Across the water, on Royale, is a sanctuary of a different kind, where tourists sleep comfortably in jailers’ homes that have been converted into vacation cottages.
At Royale’s prison compound, rust crumbles from cell bars and iron shackle rings. In a courtyard, four concrete blocks that used to support a guillotine lie on earth once stained with blood.
At that time, all of French Guiana was a penal colony, and many prisoners never left the South American mainland. However, hundreds of serious offenders were sent to the islands.
Devil’s Island, the smallest of the three islands and the most exposed to waves and wind, was reserved for political prisoners. Many were free to move about the island, a 15-minute walk from end to end.
Incorrigible convicts were sent to St. Joseph Island for solitary confinement in a compound that prisoners called “la mangeuse d’hommes” the devourer of men.
Prisoners weren’t allowed to speak and could only see guards pacing above them through barred ceilings. Sentences ranged from six months to five years. Some convicts went mad. Others killed themselves.
Papillon described a two-year stint in which he paced in his cell and lay still on his wooden bunk as poisonous centipedes crawled over him.
More than half a century later, roots of ficus trees as thick as thighs stretch through the corridors and down uneven stone steps. The air is eerily still inside high walls that block the breeze.
Madeleine Calcagni, who runs the inn and restaurant on Royale, stays away from St. Joseph. “I couldn’t do business over there, because the people there suffered a lot, and you can feel it,” she said.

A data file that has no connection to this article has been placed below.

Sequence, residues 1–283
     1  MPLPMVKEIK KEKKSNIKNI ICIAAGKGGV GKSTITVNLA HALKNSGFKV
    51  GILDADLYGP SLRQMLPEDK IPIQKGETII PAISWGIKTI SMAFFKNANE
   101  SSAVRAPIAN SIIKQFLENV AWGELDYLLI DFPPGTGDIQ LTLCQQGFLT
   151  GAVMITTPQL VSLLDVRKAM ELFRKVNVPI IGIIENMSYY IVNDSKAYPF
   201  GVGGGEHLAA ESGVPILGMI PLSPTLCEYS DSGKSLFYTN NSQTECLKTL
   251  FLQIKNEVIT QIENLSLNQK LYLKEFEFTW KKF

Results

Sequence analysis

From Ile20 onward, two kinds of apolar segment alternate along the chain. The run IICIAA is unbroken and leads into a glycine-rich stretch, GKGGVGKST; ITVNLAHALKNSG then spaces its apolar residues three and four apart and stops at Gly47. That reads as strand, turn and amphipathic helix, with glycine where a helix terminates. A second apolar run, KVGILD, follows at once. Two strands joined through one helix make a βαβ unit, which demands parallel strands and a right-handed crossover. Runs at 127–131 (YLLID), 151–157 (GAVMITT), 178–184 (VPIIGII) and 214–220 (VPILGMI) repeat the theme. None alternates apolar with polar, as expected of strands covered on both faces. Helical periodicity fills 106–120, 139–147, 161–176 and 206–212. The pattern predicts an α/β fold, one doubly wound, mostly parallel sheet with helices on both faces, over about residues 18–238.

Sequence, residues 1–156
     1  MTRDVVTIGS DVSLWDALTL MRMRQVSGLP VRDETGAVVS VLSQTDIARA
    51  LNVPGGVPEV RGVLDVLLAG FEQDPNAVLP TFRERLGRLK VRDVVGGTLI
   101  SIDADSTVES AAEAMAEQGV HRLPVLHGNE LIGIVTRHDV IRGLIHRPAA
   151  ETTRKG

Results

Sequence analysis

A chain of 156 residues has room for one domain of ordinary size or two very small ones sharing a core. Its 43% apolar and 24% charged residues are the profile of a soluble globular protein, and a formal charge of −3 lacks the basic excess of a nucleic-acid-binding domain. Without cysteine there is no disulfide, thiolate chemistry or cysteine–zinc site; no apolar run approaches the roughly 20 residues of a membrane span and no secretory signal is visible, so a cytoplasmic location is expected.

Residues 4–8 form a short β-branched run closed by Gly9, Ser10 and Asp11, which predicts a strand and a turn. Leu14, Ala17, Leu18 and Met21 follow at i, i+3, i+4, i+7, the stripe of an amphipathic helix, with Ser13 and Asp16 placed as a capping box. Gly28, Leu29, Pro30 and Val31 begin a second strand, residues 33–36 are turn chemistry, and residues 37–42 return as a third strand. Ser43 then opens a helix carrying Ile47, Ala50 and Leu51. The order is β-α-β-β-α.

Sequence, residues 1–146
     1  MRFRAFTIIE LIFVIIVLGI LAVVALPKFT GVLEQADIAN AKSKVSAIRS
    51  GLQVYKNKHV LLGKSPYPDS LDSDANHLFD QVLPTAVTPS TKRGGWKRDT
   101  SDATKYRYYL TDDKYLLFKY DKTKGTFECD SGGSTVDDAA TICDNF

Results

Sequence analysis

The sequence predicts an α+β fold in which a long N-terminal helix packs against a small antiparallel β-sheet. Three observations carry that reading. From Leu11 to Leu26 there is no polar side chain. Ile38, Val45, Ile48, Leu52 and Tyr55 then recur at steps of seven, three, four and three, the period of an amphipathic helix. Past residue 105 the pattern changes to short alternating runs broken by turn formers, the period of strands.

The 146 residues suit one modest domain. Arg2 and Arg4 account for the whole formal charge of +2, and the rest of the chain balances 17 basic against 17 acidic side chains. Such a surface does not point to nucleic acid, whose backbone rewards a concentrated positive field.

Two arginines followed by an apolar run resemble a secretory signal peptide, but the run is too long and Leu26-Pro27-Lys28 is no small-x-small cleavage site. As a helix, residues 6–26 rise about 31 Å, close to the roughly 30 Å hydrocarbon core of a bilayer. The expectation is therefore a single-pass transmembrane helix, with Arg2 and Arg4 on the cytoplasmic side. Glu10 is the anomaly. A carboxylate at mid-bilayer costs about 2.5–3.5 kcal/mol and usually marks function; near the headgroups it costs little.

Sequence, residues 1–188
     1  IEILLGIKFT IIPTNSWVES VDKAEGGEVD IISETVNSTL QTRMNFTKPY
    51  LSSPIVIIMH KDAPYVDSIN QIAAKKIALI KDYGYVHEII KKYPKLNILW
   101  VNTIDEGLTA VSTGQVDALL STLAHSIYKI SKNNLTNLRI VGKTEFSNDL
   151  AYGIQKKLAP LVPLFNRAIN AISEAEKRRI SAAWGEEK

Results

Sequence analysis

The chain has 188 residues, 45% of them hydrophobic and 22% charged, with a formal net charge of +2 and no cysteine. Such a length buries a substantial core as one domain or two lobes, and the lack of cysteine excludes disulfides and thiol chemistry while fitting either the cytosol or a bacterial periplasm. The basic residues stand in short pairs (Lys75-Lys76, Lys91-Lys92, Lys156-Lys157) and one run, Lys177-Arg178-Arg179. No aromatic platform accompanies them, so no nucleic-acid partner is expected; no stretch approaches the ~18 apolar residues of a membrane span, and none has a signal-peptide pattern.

It’s an odd business turning a prison into a tourist attraction. Visitors pose for photos gripping cell bars, close themselves in dark solitary cells and bask in the sun next to a boulder-enclosed pool built with forced labor.
“It’s like a paradise, but it’s strange to know that before it was a prison,” said Audrey Bruyere, 23, a student from Paris.
The islands teem with animals introduced by man: Macaws screech overhead, squirrel monkeys hurtle between branches and large rodents called agoutis scamper in the underbrush.
Tourists sip wine at the open-air restaurant overlooking Devil’s Island, where prisoners spent years receiving their provisions along a cable that stretched across from Royale.
Perhaps the most famous of those held on Devil’s Island was Dreyfus, a Jew falsely accused of spying for the Germans and imprisoned alone on the island from 1895 to 1899. The victim of a paroxysm of anti-Semitism and an army too proud to admit its mistake, he was isolated in a small stone house, tormented by mosquitoes, ravenous ants and loneliness.
“Impossible to sleep,” Dreyfus wrote in his diary the night of April 14, 1895. “This cage, in front of which the watchman walks like a phantom that appears in my dreams, the itch of all the beasts that run across my skin, the anger that roars in my heart.”
Dreyfus returned to France when evidence pointed to another officer, and he was exonerated. His tiny house of raw stone still stands near the southern tip of Devil’s Island.
His case brought infamy to the island, and its name became synonymous with the horrors of the penal colony. But the prison continued to function until public opinion forced its closing.
At least five prisoners escaped from the islands, one using a canoe in 1921 and four using a stolen steamship in 1944, according to historian Eugene Epailly.
Others died or were arrested while trying to escape. Most didn’t dare brave the sea, Mr. Epailly said. “The sharks were the best guards.”
Now the only escapees come in the opposite direction visitors like accountant Francis Soudine, who stretches out a hammock between palms on an outing from mainland French Guiana.
“We come here to escape,” he said, grilling steaks just across the water from Dreyfus’ house.